On September 4 we start a Spanish writing training for fluent speakers of Spanish. ($530 to $675, see details at course link)
In January, we start the 2019 Spanish translation course. ($720 to $900, see details at course link)
I send applicants a short evaluation before I accept them for the translation course. Many who take this course pass the ATA certification exam.
Both courses will have a capacity of 20 students this year since Daniela Guanipa will be co-teaching with me.
Why are we teaching Spanish writing this year?
- I have met many bilingual professionals who have not had the opportunity to perfect their Spanish writing skills so they are at the same level as their oral skills. This training should help bridge that gap.
- I spend quite a bit of time correcting Spanish writing issues for some of my translation students. That may keep them from focusing on translation issues to some degree. I expect that those who take advantage of this opportunity will be able to focus more on their translation skills.
Why does Spanish writing matter?
When we write on Facebook, Twitter, make a sign, or send an email to a client, we are showing who we are. Our professional image is on display. By the same token, any mistakes we make are likely to be reposted and retweeted as jokes! Just today one of my clients checked in with me about a sign they got a tweet about. We will fix the sign. It was translated by a bilingual employee who is a native speaker. They had done the best they could to get it right, but it didn’t quite work.
Clear writing matters. Though we might not think our readers notice, a well-written paragraph is much easier to understand. People with a higher level of literacy can pinpoint the mistakes in poor writing, while people with a lower level of literacy will stumble over the meaning. Both are negative outcomes. I have seen signs posted with two errors per line. This needs to change.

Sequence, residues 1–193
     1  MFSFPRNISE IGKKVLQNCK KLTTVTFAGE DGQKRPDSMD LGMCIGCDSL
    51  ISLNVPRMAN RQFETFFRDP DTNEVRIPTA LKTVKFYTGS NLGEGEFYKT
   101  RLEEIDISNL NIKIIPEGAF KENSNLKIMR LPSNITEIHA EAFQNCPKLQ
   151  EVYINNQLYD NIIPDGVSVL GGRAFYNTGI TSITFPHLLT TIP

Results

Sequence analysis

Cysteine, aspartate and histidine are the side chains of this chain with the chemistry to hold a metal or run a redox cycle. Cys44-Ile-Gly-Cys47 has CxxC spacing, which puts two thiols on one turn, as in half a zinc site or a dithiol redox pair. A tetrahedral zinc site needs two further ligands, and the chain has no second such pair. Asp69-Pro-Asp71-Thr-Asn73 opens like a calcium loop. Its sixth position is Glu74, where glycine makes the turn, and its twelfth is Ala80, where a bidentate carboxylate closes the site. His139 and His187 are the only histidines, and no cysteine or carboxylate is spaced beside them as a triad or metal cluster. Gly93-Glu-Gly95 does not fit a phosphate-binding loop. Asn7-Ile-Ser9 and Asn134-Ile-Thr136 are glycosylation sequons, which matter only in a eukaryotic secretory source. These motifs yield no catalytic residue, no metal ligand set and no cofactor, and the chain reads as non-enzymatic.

Because Spanish writing matters, several of us have been working for a couple of years to set the foundation for the Spanish Editors Association. We are live and will be accepting members soon. This association is intended to help editors of Spanish text for the United States work together as professionals to learn, promote the profession, and grow as professionals.
Spanish writing: Tuesday evenings, starting on September 4, 2018
Translation: Thursday evenings, starting on January 10, 2019
Some recent stories from my work:
For example, a client sent me some text in English to translate into Spanish. I wasn’t really able to translate it because I didn’t understand parts of it. So I got on the phone, talked about the parts I didn’t understand, edited the English as we discussed it, and then translated.
Then she took my translation to a pilot test group of community members. They made some suggestions, and we made final decisions together.
A client recently sent me some text in Spanish, and asked if I could check it and fix it. There was no English source. After verifying that the text was consistent with the rest of the client’s website, I submitted a back translation to English of sections I had questions about, so the client could give me direction, and we made final decisions. I was also able to explain the reason for the changes I made, so the client could understand a bit more about how Spanish works.
Before we do this, however, we have to know how to do a straight translation. That is why I am passionate about helping colleagues get certified as translators. This year several of my students achieved that milestone. They worked very hard to get there, and it always makes my day to get that call: Helen, I got certified! It is one of the nicest things I can hear.